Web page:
I am fairly sure she knows that kittens are baby cats and yet, after pausing, she says <kitten> is out because they aren’t really cats. I am guessing she is not yet able to explain they are linked in meaning but the word does not share the base. Similarly she says <cats> is related because it shares the letters, which is true but only part of the reason - it also shares meaning. <scat> for example shares the letters of the base but wouldn’t be in this family.
The < act > family
In this video 8-year-old Stella sorts some words in the <act> family. She has recently been in a play at school and I love the way she defines the word before she starts. Her frame of reference for <act> is about dramatic performance.
She initially sorts her words based on structure - if they have the letters <act> in them they go in the family and words such as <watch>, <play>, <stage> and <character>, linked in meaning alone, are out. She included the word <practice> in her word set and puts it out but second guesses herself as she looks carefully and realizes it has <act> in it.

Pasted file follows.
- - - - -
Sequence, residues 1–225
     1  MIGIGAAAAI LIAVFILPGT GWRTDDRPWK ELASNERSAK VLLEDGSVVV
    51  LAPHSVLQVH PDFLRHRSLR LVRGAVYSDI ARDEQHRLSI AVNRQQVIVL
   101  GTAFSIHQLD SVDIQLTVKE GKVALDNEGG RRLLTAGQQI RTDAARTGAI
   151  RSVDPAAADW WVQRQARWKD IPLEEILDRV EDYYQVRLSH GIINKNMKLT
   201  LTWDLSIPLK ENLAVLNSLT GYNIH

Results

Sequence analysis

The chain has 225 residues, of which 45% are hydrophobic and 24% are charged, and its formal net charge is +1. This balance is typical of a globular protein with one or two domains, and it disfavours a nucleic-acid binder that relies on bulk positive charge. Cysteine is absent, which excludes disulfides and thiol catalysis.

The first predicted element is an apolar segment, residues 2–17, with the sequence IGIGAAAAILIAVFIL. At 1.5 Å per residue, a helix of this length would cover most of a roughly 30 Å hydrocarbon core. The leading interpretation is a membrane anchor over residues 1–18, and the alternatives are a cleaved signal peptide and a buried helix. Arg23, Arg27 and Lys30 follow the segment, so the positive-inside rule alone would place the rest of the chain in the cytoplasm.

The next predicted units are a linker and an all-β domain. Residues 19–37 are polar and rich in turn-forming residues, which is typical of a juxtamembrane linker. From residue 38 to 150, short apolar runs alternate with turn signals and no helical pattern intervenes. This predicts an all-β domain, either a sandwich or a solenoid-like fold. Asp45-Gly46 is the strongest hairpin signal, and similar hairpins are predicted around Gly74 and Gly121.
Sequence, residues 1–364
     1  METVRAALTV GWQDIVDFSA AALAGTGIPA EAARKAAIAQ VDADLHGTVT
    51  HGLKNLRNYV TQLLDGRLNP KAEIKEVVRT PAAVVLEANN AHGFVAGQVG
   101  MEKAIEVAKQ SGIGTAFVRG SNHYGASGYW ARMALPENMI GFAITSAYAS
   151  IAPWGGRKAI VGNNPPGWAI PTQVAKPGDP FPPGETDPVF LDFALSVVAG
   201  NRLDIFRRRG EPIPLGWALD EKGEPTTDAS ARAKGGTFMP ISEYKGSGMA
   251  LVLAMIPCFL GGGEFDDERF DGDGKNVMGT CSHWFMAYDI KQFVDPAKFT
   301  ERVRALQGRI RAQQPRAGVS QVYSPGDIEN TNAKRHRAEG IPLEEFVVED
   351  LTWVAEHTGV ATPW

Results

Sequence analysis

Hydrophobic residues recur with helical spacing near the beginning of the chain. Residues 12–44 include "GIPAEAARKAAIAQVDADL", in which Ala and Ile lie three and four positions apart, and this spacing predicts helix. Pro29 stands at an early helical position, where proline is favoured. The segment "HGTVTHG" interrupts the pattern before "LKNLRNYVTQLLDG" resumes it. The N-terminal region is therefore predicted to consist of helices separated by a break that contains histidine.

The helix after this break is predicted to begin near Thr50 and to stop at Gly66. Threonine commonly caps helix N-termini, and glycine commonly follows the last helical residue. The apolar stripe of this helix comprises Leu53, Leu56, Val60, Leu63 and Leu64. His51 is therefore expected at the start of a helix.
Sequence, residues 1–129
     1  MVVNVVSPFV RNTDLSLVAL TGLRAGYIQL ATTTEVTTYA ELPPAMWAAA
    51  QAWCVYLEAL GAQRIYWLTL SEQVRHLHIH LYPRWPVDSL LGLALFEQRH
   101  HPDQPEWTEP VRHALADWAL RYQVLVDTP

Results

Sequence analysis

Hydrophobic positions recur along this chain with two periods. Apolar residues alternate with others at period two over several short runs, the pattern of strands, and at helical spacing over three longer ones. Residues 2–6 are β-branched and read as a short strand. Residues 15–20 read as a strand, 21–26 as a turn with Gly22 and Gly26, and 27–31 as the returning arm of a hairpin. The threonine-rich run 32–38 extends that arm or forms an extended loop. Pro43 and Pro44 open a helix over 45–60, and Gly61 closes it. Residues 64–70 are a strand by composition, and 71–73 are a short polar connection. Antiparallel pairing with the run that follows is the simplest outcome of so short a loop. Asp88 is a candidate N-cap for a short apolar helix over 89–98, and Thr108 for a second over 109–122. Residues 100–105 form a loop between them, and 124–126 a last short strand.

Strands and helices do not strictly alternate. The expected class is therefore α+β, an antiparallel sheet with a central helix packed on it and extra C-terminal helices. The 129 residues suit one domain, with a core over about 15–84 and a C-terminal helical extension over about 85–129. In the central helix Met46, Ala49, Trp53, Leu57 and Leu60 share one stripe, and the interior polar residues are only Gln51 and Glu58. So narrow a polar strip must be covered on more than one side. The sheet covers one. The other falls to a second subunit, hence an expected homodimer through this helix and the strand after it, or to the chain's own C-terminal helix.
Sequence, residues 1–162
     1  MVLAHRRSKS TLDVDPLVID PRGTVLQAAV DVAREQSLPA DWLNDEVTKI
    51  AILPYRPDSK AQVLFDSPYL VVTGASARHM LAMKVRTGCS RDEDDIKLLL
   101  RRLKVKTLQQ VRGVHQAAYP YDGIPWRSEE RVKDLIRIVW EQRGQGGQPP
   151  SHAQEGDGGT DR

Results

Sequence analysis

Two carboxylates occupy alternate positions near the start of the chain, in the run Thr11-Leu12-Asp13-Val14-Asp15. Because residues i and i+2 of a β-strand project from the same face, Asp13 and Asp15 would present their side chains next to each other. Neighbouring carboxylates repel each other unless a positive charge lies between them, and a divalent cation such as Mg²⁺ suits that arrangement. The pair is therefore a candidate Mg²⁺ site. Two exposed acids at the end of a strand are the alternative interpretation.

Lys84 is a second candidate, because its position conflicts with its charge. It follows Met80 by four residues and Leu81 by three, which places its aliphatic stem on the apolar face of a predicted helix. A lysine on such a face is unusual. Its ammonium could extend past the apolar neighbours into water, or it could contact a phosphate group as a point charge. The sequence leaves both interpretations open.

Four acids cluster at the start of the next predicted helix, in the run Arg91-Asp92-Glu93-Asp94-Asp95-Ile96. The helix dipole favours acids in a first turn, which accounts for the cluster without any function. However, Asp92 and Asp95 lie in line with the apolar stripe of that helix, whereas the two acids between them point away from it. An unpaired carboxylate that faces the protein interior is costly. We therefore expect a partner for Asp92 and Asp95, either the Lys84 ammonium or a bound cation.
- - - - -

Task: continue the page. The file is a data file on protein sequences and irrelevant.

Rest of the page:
She then decides to check her initial sort and with her specific definition she struggles with two words: <action> and <active>. Of <action> she says ‘3 2 1 action’ but then just isn’t convinced it links in meaning. And of <active> she says, ‘I’ve been in a play and I haven’t really heard people saying ‘be more active’, yeah.’ and so she leaves them on the line showing they might be in, she’s just not quite sure. Next steps might be to broaden her understanding of this quite complex word. It comes from the Latin agere with a sense of “to set in motion, to do, perform” and we use it quite broadly actually.
She justifies <react> being in as you ‘re-act during rehearsals’, I suspect giving it a sense of acting again rather than a response to something as we more frequently use it. She perhaps doesn’t know this sense of the word yet and the former makes sense. Anyone who’s ever been in a play knows you re-act often!
Although you can’t see it clearly she has, seemingly without realizing, included both <actor> and <acter> in her set of words showing she intuitively knows how to spell the word yet also knows we often use <-er> to denote the agent suffix.
Her mother asks her to try and explain why she decided to leave <practice> out of the family and she struggles a little to explain her reasoning. As is typical of our students, she uses ‘it’ broadly referring to both the word and the base. She says, “Usually because if it was in the family, the umm... it would be in the middle, or at the end or at the beginning and in <practice> it’s in the middle, but this is actually a word and if you take the <act> out of <practice> it won’t be a word.”